General or Other | Hematology | Aplastic Anemia or Bone Marrow Failure (Disease)
Aplastic Anemia or Bone Marrow Failure: Description
Aplastic anemia is a type of anemia caused by failure of the bone marrow to generate new blood cells of all types. The condition, as the name indicates, involves both aplasia and anemia.
Signs and symptoms may include: fatigue, shortness of breath with exertion, rapid or irregular heart rate, pale skin, frequent or prolonged infections, unexplained or easy bruising, nosebleeds and bleeding gums, prolonged bleeding from cuts, skin rash, dizziness and headache.
Causes and Risk factors
Aplastic anemia may occur suddenly, or it can occur slowly and get worse over a long period of time. Aplastic anemia develops when damage occurs to your bone marrow, slowing or shutting down the production of new blood cells. Factors that can temporarily or permanently injure bone marrow and affect blood cell production include: radiation and chemotherapy treatments, exposure to toxic chemicals such as benzene, use of certain drugs such as those used to treat rheumatoid arthritis and some antibiotics, autoimmune disorders, a viral infection like hepatitis, Epstein-Barr, cytomegalovirus, parvovirus B19 and HIV, and pregnancy.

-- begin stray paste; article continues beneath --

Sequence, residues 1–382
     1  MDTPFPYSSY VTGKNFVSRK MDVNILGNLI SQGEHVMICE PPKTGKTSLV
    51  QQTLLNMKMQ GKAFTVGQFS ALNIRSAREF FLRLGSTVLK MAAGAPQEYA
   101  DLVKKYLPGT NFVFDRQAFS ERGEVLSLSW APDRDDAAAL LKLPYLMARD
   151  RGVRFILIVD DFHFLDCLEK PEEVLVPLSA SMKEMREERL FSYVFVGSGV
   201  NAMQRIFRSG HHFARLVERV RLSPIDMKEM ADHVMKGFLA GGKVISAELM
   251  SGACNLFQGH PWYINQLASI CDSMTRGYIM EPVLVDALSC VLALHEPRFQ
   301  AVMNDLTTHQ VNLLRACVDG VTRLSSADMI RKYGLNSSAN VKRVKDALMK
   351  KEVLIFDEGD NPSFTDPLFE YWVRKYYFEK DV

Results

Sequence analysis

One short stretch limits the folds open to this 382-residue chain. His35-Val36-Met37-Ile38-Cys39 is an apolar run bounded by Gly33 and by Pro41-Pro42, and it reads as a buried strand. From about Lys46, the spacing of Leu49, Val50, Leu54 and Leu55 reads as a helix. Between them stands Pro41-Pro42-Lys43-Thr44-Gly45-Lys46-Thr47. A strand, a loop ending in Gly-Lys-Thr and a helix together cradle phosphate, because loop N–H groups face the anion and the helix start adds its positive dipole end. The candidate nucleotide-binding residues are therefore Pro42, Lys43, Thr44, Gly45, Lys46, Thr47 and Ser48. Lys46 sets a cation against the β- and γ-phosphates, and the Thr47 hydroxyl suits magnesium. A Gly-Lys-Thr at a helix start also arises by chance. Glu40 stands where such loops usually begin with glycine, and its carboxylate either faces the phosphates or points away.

Aplastic Anemia or Bone Marrow Failure: Treatment and Diagnosis
In many cases, doctors arent able to identify the cause of aplastic anemia. This is called idiopathic aplastic anemia. To diagnose aplastic anemia, recommend are: blood tests and bone marrow biopsy.
Treatment of the underlying cause may allow the bone marrow to recover. Immunosuppressant drugs or corticosteroids may be used to treat autoimmune disorders. During recovery, blood transfusions and antibiotics may be needed to prevent or treat infection. If these treatments are ineffective, you may be offered a stem cell transplant